The description of the zombie states:

Mindless Soldiers … A zombie armed with a weapon uses it, but the zombie won’t retrieve a dropped weapon or other tool until told to do so.

Based on this I’d deduce that those undead can only fight using weapons and not magic wands. On the other hand I didn’t find anything that explicitly states that it’s not possible.

Is there any other source that explicitly states that it’s possible/not possible

Is this homebrew spell for speaking with the dead balanced when compared to other divination and necromancy spells?

How balanced is the below spell I’ve created when compared to other divination or necromancy spells? Is it at the right spell level? Is it the right amount of damage/status effects?

When creating this spell, I was thinking of Contact Other Plane, Speak with Dead and Dream, and wanted to create an intersection between the three of them. The intention was to create a way to speak with long-dead, or missing, creatures, in an attempt to get information from them, with a high cost and a risk of getting hurt if you don’t approach them in the right way.

The issues I’ve had with this spell is defining the summoned spirit in a satisfying way, as well as balancing the potential risks and damage you could get from this spell. Wording as a whole has been difficult for the spell.

A Dream of Endless Nights
6th level Necromancy (Ritual)
V/S/M (7 specially crafted black candles worth 50 gp each, which the spell consumes, and 7 humanoid skulls)
Casting time: 1 minute
Duration: 1 hour
Target: Self
Wizard/Warlock/Cleric

You call on dark powers to let you speak to those long gone. When you finish casting the spell, you may speak the name of a creature that is dead. If the soul of the named creature is not free, the spell fails.
For the duration, you fall into a trance, and create a dream like environment that you can freely shape. A spirit of the creature forms in this environment. While in the trance, you are aware of your surroundings, but can’t take actions or move.
The spirit is under no compulsion to answer you or to be truthful, and depending on its demeanour may be actively hostile to you.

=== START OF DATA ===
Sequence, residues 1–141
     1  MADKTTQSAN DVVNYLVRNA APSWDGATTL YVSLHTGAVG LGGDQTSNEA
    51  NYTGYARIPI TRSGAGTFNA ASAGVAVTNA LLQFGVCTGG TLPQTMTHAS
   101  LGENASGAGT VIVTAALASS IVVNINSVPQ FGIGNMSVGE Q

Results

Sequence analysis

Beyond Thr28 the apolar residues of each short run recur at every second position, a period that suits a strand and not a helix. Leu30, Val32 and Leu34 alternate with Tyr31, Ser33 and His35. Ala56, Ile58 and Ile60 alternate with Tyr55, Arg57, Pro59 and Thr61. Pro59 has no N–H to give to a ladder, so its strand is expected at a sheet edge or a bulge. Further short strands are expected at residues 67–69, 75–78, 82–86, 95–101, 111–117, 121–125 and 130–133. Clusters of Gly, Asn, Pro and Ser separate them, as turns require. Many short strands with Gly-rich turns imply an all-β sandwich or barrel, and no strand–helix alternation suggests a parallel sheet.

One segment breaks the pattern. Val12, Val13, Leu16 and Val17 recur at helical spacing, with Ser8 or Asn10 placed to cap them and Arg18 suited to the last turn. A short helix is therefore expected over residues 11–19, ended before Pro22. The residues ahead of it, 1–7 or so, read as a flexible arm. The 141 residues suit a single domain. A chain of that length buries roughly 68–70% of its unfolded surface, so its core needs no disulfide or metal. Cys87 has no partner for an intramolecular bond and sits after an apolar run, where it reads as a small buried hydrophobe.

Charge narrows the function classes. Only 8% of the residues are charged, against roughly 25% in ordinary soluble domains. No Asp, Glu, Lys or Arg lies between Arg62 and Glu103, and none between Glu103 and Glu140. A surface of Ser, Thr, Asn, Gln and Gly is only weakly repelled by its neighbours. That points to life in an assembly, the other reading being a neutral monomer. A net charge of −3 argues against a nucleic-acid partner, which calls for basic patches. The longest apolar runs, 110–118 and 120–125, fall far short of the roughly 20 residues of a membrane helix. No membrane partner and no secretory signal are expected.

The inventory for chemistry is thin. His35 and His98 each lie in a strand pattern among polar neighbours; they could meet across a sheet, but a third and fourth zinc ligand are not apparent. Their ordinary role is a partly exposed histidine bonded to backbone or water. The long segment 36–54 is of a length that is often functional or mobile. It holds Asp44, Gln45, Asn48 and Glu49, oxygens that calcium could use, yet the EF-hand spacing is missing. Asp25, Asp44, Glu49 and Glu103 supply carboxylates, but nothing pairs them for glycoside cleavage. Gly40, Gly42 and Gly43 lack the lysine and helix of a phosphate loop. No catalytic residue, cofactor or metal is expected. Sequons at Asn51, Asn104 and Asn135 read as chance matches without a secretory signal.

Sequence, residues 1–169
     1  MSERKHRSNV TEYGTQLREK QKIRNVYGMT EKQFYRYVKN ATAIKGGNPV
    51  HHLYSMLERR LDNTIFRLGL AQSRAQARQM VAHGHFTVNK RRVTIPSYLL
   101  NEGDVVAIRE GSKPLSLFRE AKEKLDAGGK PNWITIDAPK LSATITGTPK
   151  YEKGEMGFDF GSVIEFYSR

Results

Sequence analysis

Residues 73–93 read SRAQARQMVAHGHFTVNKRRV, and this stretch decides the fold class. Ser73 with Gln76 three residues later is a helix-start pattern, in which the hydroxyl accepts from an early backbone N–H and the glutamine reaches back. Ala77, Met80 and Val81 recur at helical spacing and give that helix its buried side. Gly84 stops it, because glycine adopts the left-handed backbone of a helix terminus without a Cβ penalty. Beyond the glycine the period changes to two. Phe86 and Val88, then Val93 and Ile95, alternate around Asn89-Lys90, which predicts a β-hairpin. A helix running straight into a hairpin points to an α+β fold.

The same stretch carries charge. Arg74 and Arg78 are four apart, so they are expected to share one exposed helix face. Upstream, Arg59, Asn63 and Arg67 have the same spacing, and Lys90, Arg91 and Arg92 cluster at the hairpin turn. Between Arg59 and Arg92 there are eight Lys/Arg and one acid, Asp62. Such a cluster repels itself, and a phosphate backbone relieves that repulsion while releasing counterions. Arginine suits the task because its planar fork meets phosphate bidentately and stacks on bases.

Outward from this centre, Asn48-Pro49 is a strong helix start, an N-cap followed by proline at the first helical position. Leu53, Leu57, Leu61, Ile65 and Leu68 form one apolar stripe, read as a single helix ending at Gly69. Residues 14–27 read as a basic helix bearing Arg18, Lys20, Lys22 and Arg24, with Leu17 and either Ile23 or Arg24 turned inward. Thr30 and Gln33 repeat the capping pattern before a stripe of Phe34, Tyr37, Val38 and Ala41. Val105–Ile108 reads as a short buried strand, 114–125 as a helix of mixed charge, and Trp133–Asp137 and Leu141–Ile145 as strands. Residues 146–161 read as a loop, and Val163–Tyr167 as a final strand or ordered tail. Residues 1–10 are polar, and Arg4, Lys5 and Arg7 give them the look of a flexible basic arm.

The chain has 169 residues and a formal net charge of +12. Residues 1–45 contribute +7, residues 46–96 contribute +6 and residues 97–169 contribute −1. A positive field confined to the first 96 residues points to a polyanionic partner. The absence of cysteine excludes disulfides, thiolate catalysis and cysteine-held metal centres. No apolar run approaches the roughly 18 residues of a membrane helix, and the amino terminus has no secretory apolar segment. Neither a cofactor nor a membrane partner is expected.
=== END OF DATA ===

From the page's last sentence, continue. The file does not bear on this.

While this spell is active, every 10 minutes you must make a Constitution Saving throw of DC 15, or take 4d6 necrotic damage as the spell steals your life essence. If the spirit is hostile to you, it can choose to force you to make this save every minute. If you fail this save, your hit point maximum is reduced by the same amount, and you gain a level of exhaustion. The reduction to your hit point maximum goes away when you next finish a long rest, and if your maximum hit points are reduced to zero by this spell then you die.
You can end the trance and the spell by concentrating for 1 minute, after which the spell ends. Once a spirit has been summoned in this way, it cannot be targeted by this spell for a year and a day.

A good answer would compare this spell to existing divination or necromancy spells.

Is there some way to skip or negate dead levels?

Is there any way to “jump” dead levels in a class? In other words, if a class does not gain any special features, you bypass that level and move directly on to the next level that does gain a special feature? This isn’t including spell casters as they usually gain spells at given level, but other classes… BAB and Saves are not included in this, just special class features….

Edit: This is question is mean for dead levels in Prestige classes not base classes. I’m sorry I did not specify that earlier… Playing in a Pathfinder campaign, taking prestige classes from 3.X can really keep a character behind in ways. My question should have been more along the lines of: Is it acceptable to abolish the dead levels in prestige classes when incorporating them into the Pathfinder setting?

There are few (if any) prestige classes that I can think of that taking out the dead levels would make characters OP. Though each prestige class would have to be gone over individually. Some do offer prestige class abilities that are based on the level of that prestige class that would have to be taken into consideration as well…